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Miami-Dade commissioner's ex-aide involved in Hialeah ballot scandal: I didn't know I was breaking the law

Anamary Pedrosa, the young law school student involved in Hialeah’s absentee-ballot brokering scandal, swore to authorities that she was not aware of the Miami-Dade County ordinance forbidding the collection of absentee ballots by intermediaries — even though the measure was cosponsored by her own boss, County Commissioner Esteban Bovo.

Pedrosa, 25, admitted, however, that she did her best to hide the ballots that well-known ballot-brokers, or boleteros, in Hialeah handed her systematically at one of Bovo’s offices. She even carried them from the office to her car in plastic bags, wrapped in newspapers to hide them from view.

Pedrosa explained to Miami-Dade public-corruption prosecutor Tim VanderGiesen and Detective Joaquín García, from the Miami-Dade Police Department’s Public Corruption Unit, the role she played in the collection of 164 absentee ballots in Hialeah. Her statement, obtained by El Nuevo Herald, indicates that authorities did not interrogate the young woman as a suspect in the case of possible electoral fraud but as a lesser piece in a larger plot.

In exchange for her testimony, Pedrosa received immunity from prosecution. But on Aug. 10, the day after she was questioned, authorities arrested one of the best-known boleteros in Hialeah: Sergio Robaina, the uncle of former Hialeah Mayor Julio Robaina.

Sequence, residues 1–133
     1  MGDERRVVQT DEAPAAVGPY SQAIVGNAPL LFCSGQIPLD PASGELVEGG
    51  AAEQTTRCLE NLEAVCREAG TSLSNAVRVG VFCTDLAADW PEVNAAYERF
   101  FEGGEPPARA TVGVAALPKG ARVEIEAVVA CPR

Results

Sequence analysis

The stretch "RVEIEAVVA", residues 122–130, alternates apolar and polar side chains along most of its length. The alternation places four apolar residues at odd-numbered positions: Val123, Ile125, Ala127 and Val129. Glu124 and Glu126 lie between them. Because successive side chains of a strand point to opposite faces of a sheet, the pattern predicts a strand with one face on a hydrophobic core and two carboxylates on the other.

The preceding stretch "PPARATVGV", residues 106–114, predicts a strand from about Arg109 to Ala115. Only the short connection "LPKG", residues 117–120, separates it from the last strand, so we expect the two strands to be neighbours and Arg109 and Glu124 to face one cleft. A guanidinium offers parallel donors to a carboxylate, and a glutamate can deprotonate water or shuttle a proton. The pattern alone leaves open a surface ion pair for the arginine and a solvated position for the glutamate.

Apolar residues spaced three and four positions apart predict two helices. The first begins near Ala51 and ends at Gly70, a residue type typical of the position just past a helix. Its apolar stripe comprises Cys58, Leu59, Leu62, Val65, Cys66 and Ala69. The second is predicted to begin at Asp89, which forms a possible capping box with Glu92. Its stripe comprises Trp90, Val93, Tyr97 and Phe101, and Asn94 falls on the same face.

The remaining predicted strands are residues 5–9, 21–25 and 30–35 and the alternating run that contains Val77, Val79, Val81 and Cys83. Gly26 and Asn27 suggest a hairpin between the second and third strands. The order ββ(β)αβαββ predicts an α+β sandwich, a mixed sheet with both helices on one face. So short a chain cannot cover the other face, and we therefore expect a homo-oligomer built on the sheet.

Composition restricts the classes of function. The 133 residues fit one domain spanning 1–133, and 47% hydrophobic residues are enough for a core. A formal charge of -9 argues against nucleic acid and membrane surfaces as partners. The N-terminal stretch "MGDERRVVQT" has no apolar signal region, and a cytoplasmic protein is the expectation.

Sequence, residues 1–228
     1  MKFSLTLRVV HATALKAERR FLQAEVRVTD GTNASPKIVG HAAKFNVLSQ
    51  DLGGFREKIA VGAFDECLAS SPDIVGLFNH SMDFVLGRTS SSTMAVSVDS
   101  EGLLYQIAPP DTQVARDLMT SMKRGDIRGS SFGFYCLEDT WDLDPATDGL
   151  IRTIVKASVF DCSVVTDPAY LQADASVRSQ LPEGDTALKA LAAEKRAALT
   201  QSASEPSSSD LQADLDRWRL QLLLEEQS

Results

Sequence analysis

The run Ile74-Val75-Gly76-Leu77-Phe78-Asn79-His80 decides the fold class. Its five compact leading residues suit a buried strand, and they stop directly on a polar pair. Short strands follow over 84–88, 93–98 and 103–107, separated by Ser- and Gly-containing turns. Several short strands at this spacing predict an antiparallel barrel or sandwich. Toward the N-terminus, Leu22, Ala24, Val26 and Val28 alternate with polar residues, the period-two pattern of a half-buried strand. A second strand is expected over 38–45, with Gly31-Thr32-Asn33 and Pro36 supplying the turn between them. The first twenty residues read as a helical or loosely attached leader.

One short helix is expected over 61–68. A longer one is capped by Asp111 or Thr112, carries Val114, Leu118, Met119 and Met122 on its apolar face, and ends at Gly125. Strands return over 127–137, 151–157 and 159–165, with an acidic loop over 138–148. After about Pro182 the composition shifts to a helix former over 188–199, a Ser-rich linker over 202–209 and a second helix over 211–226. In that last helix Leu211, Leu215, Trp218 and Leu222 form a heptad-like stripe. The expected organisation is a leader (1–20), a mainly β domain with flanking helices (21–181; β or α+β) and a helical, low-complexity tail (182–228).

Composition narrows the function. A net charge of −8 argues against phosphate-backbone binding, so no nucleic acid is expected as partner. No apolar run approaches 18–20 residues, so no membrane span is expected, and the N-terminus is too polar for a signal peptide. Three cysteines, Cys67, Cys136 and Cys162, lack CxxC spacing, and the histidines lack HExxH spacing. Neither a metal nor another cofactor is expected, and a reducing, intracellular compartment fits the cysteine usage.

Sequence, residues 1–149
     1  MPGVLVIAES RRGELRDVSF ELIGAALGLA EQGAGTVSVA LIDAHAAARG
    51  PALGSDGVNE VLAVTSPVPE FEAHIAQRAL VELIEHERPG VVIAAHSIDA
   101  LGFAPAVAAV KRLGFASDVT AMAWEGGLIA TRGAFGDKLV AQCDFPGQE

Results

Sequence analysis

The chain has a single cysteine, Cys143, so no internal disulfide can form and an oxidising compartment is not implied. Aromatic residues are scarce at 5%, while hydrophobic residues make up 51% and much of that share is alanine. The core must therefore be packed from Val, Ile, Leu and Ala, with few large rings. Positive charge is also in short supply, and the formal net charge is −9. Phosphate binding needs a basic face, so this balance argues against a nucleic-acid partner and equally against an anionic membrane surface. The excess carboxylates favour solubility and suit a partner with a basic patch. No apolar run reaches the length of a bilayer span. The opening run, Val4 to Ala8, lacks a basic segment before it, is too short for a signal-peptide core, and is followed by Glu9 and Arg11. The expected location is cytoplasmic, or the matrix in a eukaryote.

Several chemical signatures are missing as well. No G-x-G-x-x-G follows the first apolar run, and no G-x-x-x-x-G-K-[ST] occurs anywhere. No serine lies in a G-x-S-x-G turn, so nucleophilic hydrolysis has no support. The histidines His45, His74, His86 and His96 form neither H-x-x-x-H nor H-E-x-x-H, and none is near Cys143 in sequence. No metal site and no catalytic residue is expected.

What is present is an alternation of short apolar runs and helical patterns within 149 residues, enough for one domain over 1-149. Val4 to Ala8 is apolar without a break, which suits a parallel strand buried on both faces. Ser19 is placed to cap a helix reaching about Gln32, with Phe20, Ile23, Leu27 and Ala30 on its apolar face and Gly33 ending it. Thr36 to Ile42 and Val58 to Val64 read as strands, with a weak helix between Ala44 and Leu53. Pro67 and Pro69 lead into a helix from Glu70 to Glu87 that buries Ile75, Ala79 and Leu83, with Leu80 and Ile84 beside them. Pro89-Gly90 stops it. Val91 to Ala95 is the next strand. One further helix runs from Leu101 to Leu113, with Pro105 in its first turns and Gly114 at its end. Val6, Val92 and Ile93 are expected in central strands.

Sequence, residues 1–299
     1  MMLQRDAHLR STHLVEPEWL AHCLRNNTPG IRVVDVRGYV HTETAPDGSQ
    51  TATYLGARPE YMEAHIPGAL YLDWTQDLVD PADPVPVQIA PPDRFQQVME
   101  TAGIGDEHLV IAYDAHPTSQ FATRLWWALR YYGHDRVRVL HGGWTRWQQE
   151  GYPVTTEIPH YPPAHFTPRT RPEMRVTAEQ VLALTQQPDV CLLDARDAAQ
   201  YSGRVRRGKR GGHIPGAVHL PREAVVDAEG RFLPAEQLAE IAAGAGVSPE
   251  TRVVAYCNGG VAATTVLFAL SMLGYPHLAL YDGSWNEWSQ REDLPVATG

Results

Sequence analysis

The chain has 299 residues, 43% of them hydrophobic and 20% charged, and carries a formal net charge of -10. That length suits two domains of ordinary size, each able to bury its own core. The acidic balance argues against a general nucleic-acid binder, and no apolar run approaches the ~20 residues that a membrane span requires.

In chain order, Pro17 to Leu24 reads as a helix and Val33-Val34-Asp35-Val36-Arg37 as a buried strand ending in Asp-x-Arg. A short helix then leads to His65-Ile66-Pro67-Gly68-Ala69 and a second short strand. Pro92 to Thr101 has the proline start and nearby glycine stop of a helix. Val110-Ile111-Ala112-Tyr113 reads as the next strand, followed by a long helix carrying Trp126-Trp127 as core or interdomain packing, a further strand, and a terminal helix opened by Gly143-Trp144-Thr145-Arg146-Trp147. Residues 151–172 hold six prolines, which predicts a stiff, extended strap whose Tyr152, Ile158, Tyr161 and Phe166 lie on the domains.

“I don’t know why Anamary snitched on me,” said Robaina, 74, after reading Pedrosa’s testimony. “I was stunned. It’s sad and painful.”

The testimony was made public last week as part of the criminal case against Robaina, who is accused of three felony charges of manipulating absentee ballots and two misdemeanor charges of violating the county ordinance. Pedrosa has not responded to El Nuevo Herald’s messages for comment on this and other stories. The house where she lives with her mother was closed and its shutters were drawn this week.

Her lawyer, Juan Carlos Planas, refused to comment on the interrogation, at which he was present, because he questioned El Nuevo Herald’s motive for running a story on the fraud case so close to the presidential election.

More from Enrique Flor and Melissa Sanchez here.


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She isn't a law student. The Herald keeps repeating the same error. She wants to go to law school, but no school has accepted her.

Johnny Hothead

And, now that she's copped a plea to this charge, none will accept her...

Farm Ted

The Herald spent weeks blasting the Commissioner, turns out he was telling the truth all along. He didn't know and the aide was acting on her own. And I still believe she was out collecting ballots, in violation of the county law.

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